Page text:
By James Hibberd
September 25, 2014 at 03:22 PM EDT

ABC’s launch of the first black family sitcom on a major broadcast network in years got off to a good start Wednesday night. The boldly titled Black-ish, starring Anthony Anderson, opened to strong numbers after the return of Modern Family and ranked as the night’s second highest-rated show.

Black-ish had 10.8 million viewers and a 3.3 rating among adults 18-49 at 9:30 p.m. The big mitigating factor here is the size of its lead-in from Modern Family (10.9 million and a 3.7)—last year’s Super Fun Night, for instance, opened to a 3.2 in this slot and quickly faded. Yet ABC points out Black-ish had the highest-ever retention of Modern Family viewers for a regular comedy debut in this slot.

Opening acts The Middle (7.4 million, 2.1) and The Goldbergs (7 million, 2.3) performed well, while 10 p.m.’s Nashville season 3 opener (5.6 million, 1.5) was down 25 percent from last year. ABC is particularly happy with The Goldbergs, since this is a new timeslot for the show on a different night—yet its rating was the 1980s-set comedy’s second-best ever.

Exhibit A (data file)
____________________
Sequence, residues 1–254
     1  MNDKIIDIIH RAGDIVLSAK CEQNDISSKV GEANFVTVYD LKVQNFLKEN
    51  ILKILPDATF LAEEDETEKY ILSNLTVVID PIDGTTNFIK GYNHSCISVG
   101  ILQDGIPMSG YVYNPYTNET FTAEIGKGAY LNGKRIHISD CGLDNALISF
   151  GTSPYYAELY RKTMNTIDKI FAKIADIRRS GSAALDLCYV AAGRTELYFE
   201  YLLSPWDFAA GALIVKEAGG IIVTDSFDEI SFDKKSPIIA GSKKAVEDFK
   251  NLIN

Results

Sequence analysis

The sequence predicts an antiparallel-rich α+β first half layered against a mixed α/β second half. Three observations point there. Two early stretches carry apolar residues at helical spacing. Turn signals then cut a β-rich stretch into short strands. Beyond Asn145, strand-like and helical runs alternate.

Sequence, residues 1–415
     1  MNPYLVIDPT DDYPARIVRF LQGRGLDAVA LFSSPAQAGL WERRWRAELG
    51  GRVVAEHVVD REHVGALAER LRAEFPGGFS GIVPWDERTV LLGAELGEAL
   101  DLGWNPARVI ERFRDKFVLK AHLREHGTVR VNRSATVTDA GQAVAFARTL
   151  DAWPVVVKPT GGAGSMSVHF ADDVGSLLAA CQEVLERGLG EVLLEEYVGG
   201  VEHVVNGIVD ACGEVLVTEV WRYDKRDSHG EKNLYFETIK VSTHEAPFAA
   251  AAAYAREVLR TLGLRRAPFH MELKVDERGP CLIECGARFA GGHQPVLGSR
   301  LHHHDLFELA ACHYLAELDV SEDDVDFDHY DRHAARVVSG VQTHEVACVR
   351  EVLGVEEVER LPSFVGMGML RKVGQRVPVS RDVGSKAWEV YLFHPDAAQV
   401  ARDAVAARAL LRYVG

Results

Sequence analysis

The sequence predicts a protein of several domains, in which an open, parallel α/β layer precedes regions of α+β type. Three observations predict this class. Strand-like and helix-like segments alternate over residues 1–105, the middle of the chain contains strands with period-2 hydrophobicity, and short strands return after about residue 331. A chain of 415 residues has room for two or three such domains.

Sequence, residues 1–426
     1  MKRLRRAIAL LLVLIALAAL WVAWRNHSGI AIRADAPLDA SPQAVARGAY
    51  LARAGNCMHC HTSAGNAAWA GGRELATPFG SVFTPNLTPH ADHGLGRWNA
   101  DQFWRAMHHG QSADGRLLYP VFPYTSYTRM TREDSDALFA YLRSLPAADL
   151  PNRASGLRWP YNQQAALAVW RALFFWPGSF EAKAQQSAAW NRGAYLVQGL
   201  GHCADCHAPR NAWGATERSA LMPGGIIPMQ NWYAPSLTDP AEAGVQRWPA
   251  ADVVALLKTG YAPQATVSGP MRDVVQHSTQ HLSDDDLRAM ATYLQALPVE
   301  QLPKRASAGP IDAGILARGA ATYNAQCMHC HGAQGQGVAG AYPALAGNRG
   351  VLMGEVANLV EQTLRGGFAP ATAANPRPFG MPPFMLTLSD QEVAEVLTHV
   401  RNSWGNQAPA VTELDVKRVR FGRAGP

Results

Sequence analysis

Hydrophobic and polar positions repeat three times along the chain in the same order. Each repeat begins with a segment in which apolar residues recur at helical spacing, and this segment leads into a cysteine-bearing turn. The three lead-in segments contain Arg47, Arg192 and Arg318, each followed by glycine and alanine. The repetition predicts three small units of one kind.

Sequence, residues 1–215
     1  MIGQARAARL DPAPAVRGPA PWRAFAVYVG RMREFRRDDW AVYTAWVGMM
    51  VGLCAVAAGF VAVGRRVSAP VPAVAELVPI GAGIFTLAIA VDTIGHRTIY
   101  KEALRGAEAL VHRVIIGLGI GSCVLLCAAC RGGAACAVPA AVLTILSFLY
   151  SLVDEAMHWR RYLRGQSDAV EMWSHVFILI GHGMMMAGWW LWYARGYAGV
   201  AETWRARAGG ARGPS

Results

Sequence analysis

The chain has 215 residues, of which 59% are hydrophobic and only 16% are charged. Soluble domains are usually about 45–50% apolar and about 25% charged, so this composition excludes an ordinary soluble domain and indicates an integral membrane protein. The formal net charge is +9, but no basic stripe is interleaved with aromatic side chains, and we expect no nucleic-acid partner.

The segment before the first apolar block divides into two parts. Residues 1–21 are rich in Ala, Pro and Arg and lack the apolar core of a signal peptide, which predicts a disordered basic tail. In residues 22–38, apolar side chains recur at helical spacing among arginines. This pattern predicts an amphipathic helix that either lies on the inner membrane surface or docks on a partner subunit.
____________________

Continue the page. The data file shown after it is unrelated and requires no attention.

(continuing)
Over on CBS, Survivor (9.6 million, 2.7) had some upbeat news: The 90-minute premiere was up a tick from last year. (While the ultra-veteran impresses in the ratings every year, it’s not often Survivor returns higher.) The 90-minute finale of Big Brother (7 million, 2.6) was likewise strong.

On NBC, the time-slot premiere of Mysteries of Laura (9.9 million, 1.5) was down 25 percent from last week’s 10 p.m. preview. Given the show’s reviews and jeering online reception, only losing a fourth of its demo rating after down-shifting to 8 p.m.—against heavier competition—is actually a relief. Law & Order: SVU (10.1 million, 2.1) was down 22 percent from last year and the Chicago PD‘s premiere (8.4 million, 1.9) almost matched last year’s series debut. NBC has been rocking the 10 p.m. slots this week.

Like Mysteries of Laura, Fox’s Red Band Society (3.4 million, 1.0) had its second episode and dropped about the same amount (23 percent). Unlike Mysteries, however, the sick-kids drama doesn’t have any more cushion—and is going Code Blue.